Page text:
Monday, May 5, 2014

UPDATED > Minding the Value Gap Between U.K. Exports and U.S. Imports of Works of Art, Collectors’ Pieces and Antiques

The reported export values of art and antiquities shipped from the United Kingdom to the United States over the last five years do not match the reported U.S. import values for the same classified commodities. In fact, the published values are substantially different, amounting to roughly $6.8 billion in missing value over the last five years.

The art and antiquities trade between the United States and the United Kingdom can be measured by examining public data produced by the U.S. International Trade Commission and by HM Revenue & Customs. CHL recently looked at the 2013 trade in works of art, collectors pieces, and antiques exported from the U.K and imported into the U.S., asking why the reported values differed by approximately $2 billion. The trade data reviewed here compares export and import values over a five year period, from 2009 through 2013.

The commodities examined are classified by Harmonized Tariff Schedule (HTS) code 97, covering works of art, collectors’ pieces and antiques. HTS 97 specifically comprises paintings, drawings, engravings, prints, lithographs, sculptures, statuary, and stamps. It also includes collectors' pieces and collections of zoological, botanical, mineralogical, anatomical, historical, archaeological, and paleontological materials. Numismatics fall under the definition as well. So too do antiques over 100 years old.

The chart below graphically displays the gap between export values published by the U.K. and the import values published by the U.S. for all goods each country classifies under HTS 97. The value differences are listed in billions of U.S. dollars. 


One can easily see the striking value differences over the last five years. In 2010, 2012 and 2013 the gaps in U.K.-U.S. customs values measure at least 50% or more for each of those years. Also noteworthy is the pattern whereby the reported values of U.K. HTS 97 exports are consistently higher than the reported values of U.S. HTS 97 imports.

The actual value gaps--the differences between the reported U.K. HTS 97 export values and the reported U.S. HTS 97 import values--from 2009 through 2013, and their percentage differences, are outlined in the table below.

                                                                   Value Gap            Percent Difference
                                                        2009   $535,430,047        33.6% 
                                                        2010   $1,203,868,869     50.6%
                                                        2011   $1,107,359,364     44.5%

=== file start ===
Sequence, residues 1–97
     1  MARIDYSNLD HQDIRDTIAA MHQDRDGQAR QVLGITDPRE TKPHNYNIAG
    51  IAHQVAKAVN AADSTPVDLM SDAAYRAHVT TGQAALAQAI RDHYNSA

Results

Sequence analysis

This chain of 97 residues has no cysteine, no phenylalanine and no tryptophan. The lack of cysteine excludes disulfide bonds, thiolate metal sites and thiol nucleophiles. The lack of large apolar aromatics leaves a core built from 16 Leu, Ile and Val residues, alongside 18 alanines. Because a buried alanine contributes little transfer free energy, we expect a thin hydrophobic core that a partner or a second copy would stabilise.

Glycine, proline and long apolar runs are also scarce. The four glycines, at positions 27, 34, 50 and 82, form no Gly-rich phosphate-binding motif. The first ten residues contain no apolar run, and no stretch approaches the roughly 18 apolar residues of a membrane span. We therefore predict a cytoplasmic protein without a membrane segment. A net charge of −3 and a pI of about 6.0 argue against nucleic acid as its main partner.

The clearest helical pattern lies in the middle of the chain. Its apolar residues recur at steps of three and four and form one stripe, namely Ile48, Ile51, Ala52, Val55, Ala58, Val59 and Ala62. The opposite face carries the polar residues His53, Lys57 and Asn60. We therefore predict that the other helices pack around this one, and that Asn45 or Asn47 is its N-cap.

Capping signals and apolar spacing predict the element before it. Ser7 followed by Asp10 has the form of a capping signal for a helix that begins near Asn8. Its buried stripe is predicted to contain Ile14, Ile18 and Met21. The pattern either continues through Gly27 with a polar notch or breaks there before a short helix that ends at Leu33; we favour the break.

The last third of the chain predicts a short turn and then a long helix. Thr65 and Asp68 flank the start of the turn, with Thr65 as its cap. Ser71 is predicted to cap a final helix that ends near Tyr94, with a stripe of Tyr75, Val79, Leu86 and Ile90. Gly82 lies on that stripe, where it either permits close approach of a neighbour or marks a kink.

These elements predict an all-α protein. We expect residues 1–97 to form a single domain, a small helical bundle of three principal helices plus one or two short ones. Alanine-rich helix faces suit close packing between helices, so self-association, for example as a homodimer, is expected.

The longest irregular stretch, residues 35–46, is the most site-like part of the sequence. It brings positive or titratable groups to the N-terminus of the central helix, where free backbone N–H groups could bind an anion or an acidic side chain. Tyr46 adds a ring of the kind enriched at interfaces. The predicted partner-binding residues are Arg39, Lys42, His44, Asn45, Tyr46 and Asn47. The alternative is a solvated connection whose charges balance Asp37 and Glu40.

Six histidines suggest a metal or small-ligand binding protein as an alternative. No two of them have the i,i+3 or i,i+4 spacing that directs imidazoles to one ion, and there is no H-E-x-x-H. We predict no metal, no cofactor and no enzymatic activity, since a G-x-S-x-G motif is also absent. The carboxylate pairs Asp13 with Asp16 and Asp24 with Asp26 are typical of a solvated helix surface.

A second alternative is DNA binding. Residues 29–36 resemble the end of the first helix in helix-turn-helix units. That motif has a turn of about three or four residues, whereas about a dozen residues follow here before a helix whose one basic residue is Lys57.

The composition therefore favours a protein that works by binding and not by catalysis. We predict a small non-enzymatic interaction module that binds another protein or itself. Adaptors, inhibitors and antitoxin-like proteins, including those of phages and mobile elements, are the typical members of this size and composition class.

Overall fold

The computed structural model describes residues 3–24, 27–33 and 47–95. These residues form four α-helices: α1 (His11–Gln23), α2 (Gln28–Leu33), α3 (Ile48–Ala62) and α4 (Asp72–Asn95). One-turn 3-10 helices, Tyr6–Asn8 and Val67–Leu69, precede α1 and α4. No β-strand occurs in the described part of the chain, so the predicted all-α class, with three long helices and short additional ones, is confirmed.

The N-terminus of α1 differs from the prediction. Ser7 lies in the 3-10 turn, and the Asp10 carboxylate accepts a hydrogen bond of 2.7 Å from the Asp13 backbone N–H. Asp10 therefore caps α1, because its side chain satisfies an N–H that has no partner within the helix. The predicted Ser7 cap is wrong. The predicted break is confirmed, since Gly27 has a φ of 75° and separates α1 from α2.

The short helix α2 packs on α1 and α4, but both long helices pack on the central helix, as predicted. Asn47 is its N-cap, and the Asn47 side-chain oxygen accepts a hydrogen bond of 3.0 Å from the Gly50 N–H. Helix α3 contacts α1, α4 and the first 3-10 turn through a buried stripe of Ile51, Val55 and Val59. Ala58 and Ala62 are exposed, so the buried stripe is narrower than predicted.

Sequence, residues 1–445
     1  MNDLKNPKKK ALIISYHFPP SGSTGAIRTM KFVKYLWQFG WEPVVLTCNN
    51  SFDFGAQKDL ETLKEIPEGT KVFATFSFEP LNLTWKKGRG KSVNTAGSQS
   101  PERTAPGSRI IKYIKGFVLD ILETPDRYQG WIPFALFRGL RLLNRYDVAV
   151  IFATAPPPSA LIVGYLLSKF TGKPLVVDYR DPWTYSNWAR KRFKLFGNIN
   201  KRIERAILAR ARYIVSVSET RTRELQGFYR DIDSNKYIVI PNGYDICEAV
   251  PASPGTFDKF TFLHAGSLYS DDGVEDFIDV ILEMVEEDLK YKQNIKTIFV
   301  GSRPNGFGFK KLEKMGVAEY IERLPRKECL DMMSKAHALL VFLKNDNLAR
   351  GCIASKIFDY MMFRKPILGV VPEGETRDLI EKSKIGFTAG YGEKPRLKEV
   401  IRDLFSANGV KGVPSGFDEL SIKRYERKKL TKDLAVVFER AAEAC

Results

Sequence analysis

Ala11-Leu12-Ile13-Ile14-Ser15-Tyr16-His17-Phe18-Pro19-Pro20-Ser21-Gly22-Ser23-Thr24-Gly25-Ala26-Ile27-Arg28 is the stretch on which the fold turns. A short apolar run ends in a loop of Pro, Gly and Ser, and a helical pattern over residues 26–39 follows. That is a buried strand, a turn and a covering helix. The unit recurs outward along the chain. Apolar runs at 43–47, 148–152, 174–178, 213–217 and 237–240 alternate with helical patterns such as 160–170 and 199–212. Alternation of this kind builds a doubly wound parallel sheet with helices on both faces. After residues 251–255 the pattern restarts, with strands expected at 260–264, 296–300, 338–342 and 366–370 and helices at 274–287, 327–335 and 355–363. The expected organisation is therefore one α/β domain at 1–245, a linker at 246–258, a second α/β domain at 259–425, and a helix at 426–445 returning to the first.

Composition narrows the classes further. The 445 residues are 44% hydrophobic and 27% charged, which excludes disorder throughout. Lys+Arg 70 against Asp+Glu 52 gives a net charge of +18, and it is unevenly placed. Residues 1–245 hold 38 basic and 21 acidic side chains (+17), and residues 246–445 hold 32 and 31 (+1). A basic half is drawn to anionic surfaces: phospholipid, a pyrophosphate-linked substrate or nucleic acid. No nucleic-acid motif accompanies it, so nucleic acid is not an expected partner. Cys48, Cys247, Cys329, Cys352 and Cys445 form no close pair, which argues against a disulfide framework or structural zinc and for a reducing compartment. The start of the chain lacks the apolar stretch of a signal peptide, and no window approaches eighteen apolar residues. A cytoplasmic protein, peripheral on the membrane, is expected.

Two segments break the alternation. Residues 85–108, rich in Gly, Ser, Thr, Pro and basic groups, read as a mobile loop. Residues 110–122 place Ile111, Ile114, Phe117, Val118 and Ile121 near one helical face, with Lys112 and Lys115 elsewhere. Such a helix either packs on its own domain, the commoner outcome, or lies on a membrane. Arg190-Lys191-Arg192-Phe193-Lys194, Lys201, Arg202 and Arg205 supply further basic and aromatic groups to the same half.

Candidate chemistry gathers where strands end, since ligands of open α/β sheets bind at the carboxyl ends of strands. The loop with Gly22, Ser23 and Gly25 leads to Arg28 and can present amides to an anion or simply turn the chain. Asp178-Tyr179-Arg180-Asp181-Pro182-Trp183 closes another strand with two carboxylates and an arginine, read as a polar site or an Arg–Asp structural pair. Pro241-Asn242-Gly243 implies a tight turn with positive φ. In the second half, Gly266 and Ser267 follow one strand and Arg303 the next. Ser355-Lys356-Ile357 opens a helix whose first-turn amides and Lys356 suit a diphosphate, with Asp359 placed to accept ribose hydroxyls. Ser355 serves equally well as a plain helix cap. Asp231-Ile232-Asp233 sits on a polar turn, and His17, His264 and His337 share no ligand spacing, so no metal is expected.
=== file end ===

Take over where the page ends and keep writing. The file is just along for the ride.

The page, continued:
2012   $2,023,212,767     53.0%
                                                        2013   $1,968,097,336     54.0%

Given that the reported customs values of American HTS 97 imports have been less than--and even more than half as much as--the reported values of British HTS 97 exports, and given that billions of dollars appear unaccounted for, the published trade data should prompt both American and British customs authorities to investigate the reasons behind the export-import rift.

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Notes about the data:

The U.S. and the U.K. each define what is covered under HTS 97 in documents found here and here, respectively. They both title HTS 97 as “Works of Art, Collectors’ Pieces and Antiques,” and both nations supply substantially the same definitions and exclusions.

The U.S. specifically notes that HTS 97 “covers not only original sculpture made by the sculptor, but also the first 12 castings, replicas or reproductions made from a sculptor's original work or model, by the sculptor himself or by another artist, with or without a change in scale and whether or not the sculptor is alive at the time the castings, replicas or reproductions are completed.”

The U.K. clarifies that collectors’ motor vehicles of historical or ethnographic interest, which are in their original condition, at least 30 years old, and no longer in production are goods classified by HTS 97.

The U.K. defines HTS 97 goods as:
Paintings, drawings and pastels, executed entirely by hand, other than drawings of heading 4906 and other than hand-painted or hand-decorated manufactured articles; collages and similar decorative plaques.
Original engravings, prints and lithographs.
Original sculptures and statuary, in any material.
Postage or revenue stamps, stamp-postmarks, first-day covers, postal stationery (stamped paper), and the like, used or unused, other than those of heading 4907.
Collections and collectors' pieces of zoological, botanical, mineralogical, anatomical, historical, archaeological, palaeontological, ethnographic or numismatic interest.
Antiques of an age exceeding 100 years.

The U.S. defines HTS 97 goods as:
Paintings, drawings and pastels, executed entirely by hand, other than drawings of heading 4906 and other than hand-painted or hand-decorated manufactured articles; collages and similar decorative plaques; all the foregoing framed or not framed.
Original engravings, prints and lithographs, framed or not framed.